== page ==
We are living in a time when filmmakers all around the world are creating stories drenched in blood and gore. Murder mysteries fill the screen every night, streaming death and destruction into our bodies, minds, and souls. We have grown used to the twisted portraits of mass-murderers and freakish family members who find clever ways of avoiding capture. With so much crime afoot, it is no wonder that cops, detectives, FBI agents, and zealous believers in law and order are paraded in front of us as heroes. They seem to be willing to do all they can to keep us safe in our gun-ridden nation.
Five months into a new year and the film industry has not changed its tune. We are being fed more of the same violent, exaggerated, and depressing tales designed to scare and shake us up. But one show has taken a different tack. In it, the one keeping us safe is in the State Department, not the police station.
Netflix’s The Diplomat is a bold, creative, and imaginative eight-part political drama created by Debora Cahn (“The West Wing,” “Homeland”). . Keri Russell gives a nuanced and ethically rich performance as Kate Wyler, a career U.S. foreign service officer who is looking forward to becoming the ambassador to Afghanistan. But after the surprise bombing of a British aircraft carrier off the coast of India, she is assigned to be the ambassador to the United Kingdom. Someone with her experience is needed as diplomats and politicians are on high alert in England, Iran, Russia, France, and the United States. Her situation becomes even more complicated when she learns that the U.S. Vice President is about to resign due to a scandal, and she is on the short list to be appointed the Vice President.
Kate is a very independent thinker fully capable of making the tough political and diplomatic assessments needed in this situation. But she is surrounded by male advisors including her husband Hal (Rufus Sewell), himself a former ambassador whose charisma and political savvy sometimes benefits his wife and, at other times, undermines her authority and decisions. Her chief of staff and England’s foreign secretary also try to guide Kate when the Prime Minister’s Two black advisors try to guide Kate while the authoritarian Prime Minister’s (Rory Kinnear) fiery brand of patriotism blames Iran for the attack, dismissing Kate’s conclusions.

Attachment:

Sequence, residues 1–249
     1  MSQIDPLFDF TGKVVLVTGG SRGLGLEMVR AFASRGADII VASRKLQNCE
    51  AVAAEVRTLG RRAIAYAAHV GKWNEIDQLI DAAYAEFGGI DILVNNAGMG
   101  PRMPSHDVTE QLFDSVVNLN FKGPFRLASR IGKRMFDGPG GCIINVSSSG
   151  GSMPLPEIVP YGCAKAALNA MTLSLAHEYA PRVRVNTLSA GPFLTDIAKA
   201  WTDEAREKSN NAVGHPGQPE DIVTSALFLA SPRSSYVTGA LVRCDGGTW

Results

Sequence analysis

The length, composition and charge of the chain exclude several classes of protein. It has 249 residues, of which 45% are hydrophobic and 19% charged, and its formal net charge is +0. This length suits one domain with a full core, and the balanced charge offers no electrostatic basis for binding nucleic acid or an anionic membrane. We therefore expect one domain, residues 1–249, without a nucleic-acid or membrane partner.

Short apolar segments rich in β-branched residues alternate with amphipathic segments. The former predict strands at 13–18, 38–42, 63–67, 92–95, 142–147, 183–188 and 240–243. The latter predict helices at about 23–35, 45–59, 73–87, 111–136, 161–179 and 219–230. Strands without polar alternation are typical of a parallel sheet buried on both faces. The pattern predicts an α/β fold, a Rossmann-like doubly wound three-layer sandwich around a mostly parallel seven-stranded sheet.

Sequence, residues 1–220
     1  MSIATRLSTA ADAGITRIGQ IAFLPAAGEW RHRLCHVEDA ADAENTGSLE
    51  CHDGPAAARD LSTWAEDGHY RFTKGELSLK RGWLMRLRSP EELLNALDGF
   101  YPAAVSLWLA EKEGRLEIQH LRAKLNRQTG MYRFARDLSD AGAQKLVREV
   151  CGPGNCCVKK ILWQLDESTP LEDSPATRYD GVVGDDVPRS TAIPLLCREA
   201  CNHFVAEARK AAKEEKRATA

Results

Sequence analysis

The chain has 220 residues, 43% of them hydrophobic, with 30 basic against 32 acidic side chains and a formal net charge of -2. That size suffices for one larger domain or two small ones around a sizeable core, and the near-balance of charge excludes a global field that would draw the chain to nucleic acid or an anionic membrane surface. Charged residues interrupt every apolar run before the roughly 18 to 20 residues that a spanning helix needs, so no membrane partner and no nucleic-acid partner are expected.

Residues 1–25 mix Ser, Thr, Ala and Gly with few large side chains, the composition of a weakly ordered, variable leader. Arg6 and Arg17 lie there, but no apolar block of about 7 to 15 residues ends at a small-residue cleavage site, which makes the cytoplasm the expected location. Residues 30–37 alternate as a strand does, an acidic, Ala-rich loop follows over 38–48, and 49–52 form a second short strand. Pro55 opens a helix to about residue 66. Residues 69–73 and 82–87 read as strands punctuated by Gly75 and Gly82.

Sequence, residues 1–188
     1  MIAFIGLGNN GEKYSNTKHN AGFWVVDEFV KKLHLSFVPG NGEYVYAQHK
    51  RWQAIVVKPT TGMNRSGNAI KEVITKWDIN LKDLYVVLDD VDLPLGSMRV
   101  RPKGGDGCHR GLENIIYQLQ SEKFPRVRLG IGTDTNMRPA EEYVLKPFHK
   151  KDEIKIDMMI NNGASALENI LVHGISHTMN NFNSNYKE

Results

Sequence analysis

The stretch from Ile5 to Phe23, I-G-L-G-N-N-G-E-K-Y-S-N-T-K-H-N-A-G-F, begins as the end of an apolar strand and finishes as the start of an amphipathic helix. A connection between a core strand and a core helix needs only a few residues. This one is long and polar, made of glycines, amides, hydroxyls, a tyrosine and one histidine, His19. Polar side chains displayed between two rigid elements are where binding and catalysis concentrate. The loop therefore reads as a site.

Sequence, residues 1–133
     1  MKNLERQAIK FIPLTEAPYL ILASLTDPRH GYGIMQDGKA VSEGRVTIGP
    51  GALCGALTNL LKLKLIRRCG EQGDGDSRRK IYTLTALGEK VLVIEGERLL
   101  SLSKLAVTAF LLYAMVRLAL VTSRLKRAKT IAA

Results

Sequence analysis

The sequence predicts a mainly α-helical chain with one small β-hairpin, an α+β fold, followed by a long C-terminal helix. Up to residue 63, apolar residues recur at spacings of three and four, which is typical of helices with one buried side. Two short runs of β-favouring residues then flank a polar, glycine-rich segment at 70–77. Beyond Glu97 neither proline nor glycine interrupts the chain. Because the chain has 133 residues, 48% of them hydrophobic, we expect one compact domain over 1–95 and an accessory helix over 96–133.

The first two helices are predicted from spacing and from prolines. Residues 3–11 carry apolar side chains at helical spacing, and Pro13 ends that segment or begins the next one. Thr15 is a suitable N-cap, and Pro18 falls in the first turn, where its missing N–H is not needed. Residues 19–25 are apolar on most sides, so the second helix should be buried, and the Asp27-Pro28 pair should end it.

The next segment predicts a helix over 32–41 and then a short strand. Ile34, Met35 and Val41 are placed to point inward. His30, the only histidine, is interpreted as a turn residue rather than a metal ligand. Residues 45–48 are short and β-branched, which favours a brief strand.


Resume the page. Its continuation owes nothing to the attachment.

So, amid all the political and diplomatic maneuvering, Kate must deal with mysogyny and expectations that a woman diplomat’s first concern should be her clothing and appearance. This is true for women in other professions, who will find themselves cheering for Kate as she not only protects the world from war but stands up for her gender.
Viewing The Diplomat gives us a chance to examine the lives of others through nonfictional and fictional biopictures. Two other films are recommended for the same reasons:
Thirteen Days delves into the political, psychological, and social tension during the 1962 Cuban Missile Crisis and the power struggle between President John Kennedy and his brother Bobby and the Joint Chiefs of Staff.
The Iron Lady stars Meryl Streep as Margaret Thatcher, the Prime Minister of England, revealing how her refusal to compromise trashed a nation.
This type of story gives us a context in which to see how politically motivated individuals deal with change, love and loss, success and failure, suffering and death.
They identify the moral patterns and turning points that give value and meaning to life.
They enable us to recognize the elements in ourselves that govern our choices.
They increase our appreciation of the irrational aspects of our behavior and give us glimpses of our shadow sides.
They enhance our awareness of the ambiguity of human relationships.
They help us become more cognizant of human differences and similarities.
They inspire us to bring peace and justice to our world.